I will never forget the impact our eighth grade graduation speaker had on my young and developing life. The impact was not positive. I only remember the beginning words of his opening sentence. To his credit, he may have said more, but I shut down and became emotionally deaf when I heard his first words.
The speaker said, “You kids will not really change in the future – you will most likely remain the same person you are today.” I’m sure he must have said something more like, “You will only remain the same if you let yourself” or “Change is possible if you put your mind into it” or some other encouraging word – at least I hope he did. All that I remember were his first words, “You kids will not really change in the future – you will most likely remain the same person you are today.”
The person I was the day of my eighth grade graduation was not all that impressive. I felt pudgy and undeveloped. I was leaving boyhood and entering my early teens. I had a few pimples and I still combed my hair the way my mom liked. I had yet to discover who I was. The person I was that day wasn’t sure he would ever get a date with a girl or drive a car or have any kind of success in life. I was caught up in all the inferior feelings my developing hormones were producing.
Over the years, I have come to realize how important it is to begin our conversations with words of hope. Most of us hear the first thing someone says and if it is positive, it gives us a healthy context to hear what might follow.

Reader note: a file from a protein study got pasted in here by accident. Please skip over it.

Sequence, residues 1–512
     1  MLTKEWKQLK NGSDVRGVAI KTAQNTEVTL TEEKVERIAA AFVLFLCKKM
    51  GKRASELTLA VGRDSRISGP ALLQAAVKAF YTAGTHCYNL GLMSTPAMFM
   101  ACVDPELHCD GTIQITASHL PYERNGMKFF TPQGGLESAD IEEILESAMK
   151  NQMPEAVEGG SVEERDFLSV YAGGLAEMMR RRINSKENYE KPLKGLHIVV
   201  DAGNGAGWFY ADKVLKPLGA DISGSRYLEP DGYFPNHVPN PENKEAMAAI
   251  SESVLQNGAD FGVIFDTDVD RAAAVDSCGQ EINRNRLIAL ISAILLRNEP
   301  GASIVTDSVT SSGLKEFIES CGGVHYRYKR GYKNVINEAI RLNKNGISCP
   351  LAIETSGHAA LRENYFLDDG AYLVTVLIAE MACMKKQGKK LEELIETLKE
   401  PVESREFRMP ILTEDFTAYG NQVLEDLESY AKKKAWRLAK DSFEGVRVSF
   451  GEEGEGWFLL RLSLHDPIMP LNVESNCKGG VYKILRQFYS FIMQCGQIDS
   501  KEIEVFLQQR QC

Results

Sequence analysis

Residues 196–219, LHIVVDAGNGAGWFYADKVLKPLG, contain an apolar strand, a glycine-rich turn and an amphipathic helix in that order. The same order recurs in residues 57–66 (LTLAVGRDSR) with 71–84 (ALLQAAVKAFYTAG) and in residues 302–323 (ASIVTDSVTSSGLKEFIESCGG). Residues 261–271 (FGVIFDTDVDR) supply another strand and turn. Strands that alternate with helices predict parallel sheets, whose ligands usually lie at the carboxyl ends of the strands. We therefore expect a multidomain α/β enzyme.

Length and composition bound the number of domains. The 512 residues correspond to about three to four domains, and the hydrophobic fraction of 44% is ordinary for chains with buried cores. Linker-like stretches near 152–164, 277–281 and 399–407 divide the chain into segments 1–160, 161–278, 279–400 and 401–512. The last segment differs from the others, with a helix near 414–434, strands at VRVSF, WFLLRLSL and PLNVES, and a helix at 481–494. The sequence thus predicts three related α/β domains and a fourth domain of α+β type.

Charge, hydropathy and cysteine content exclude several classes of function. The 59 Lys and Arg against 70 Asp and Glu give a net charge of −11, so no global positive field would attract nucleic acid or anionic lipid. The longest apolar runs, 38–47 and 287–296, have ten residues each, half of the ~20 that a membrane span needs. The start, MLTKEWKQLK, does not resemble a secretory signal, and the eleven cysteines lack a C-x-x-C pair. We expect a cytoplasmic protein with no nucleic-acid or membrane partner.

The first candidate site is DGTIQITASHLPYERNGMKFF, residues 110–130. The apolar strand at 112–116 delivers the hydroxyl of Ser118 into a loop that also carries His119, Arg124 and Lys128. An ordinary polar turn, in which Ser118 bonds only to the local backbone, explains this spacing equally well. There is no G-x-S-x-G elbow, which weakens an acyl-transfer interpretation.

I wonder what would have happened if our graduation speaker would have started his message with something like this – “You have all the potential in the world to become anything you desire.” If our graduation speaker had said those words first maybe that really insecure kid named Garris Elkins, sitting in his assigned seat in row 8, would have felt better about the possibilities of his emerging future.
What if I remembered words like these, “You have all the potential in the world to become anything you desire. You kids will not really change in the future – you will most likely remain the same person you are today, unless you see yourself for the awesome person you are now, looking forward to a bright and hopeful future.”
This preferred way of communication actually has a name. It is called, “The Communication Sandwich.” I first heard of this about 25 years ago from a friend of mine, Jared Roth. I don’t know if the concept was original with Jared, but that was the first time I heard it.
Jared was speaking in our church when he shared how to speak a challenging word to someone. Jared said to place the hard meaty thing that needs to be said between two slices of encouragement. In other words make a sandwich to house the challenge.
I have spent the last 25 years working in a spiritual delicatessen building sandwiches. Whenever I need to bring a challenge to someone, I make sure to bring twice the amount of encouragement as I do challenge, so that what I have to share can be digested. I put the tough word between slices of hope and destiny before I ask the person to take a bite of our conversation. If I don’t have all these ingredients, I am not yet ready to assemble the sandwich and enter the conversation.
The next time you have a challenging word to share with someone, remember, it is not difficult to throw out a tough word. It does, however, take time and a willing ear to allow God to give you the slices of encouragement to wrap around what you need to say. After doing this so many times, I have come to realize it has been the slices of encouragement towards hope and destiny that have had the greatest impact on people– even more than the challenge I thought I needed to bring.
When people are communicated with in this way they leave our challenging conversations feeling empowered. If we neglect to build the Conversation Sandwich, people will leave our conversations feeling like I did that day listening to a graduation speaker throwing out a tough piece of meat without the slices of hope and destiny that would have changed everything.